They just never elicited the same reaction in me. There’s no real explanation for it; it’s just the way I am. But, no matter my scepticism for watching them race, the idea of riding one of those wobbly-looking contraptions, though, has always fascinated me.
Since I’m in no danger of becoming an obsessive convert to the temple of two wheels there was no danger in me joining the majority of the GRR team in having a bike licence, as I’d probably remain an occasional biker, rather than a 24/7 two-wheeled hero. And it seemed a bit odd for me to be pretty much the only one without any experience on a bike. So when our friends at Honda asked if any of us fancied taking up the challenge of learning, I said yes straight away.
In case you didn’t know, the first stage on the journey to becoming a demon on two wheels is to take your CBT, which stands for Compulsory Basic Training in this case, not Cognitive Behavioural Therapy as Google will have you believe – although considering the potential therapeutic effect of riding a bike, it might as well be.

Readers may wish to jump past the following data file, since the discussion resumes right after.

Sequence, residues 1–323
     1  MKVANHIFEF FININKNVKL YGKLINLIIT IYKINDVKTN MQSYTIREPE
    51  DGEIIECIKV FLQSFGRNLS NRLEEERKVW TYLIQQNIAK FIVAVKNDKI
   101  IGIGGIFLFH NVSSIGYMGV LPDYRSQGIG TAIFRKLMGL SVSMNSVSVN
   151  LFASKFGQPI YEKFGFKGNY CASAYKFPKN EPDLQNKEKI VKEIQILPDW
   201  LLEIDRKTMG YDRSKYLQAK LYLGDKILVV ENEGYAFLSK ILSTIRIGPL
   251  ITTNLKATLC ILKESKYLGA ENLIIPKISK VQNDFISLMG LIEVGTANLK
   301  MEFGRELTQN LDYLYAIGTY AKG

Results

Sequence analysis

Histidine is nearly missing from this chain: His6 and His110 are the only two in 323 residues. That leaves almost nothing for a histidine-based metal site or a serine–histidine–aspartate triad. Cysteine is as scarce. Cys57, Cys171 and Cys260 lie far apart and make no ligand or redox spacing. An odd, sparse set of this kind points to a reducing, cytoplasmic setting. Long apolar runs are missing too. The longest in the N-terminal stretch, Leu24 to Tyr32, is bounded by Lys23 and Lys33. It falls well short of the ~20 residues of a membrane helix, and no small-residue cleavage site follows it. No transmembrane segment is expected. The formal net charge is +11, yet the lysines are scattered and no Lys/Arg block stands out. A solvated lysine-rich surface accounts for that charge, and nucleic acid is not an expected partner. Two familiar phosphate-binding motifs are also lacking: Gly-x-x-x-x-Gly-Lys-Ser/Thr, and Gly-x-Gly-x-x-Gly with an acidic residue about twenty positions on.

Without going into a long-winded feature on how astonishingly easy it is to be allowed on the road on a motorised bicycle, the CBT is as straightforward as the ‘basic’ bit of its name suggests: a single-day course featuring a mixture of classroom talks, carpark exercises and two hours out on the road. As long as you’re prepared to listen to your instructor, it is simplicity itself, as long as you’ve already passed your driving test in a car.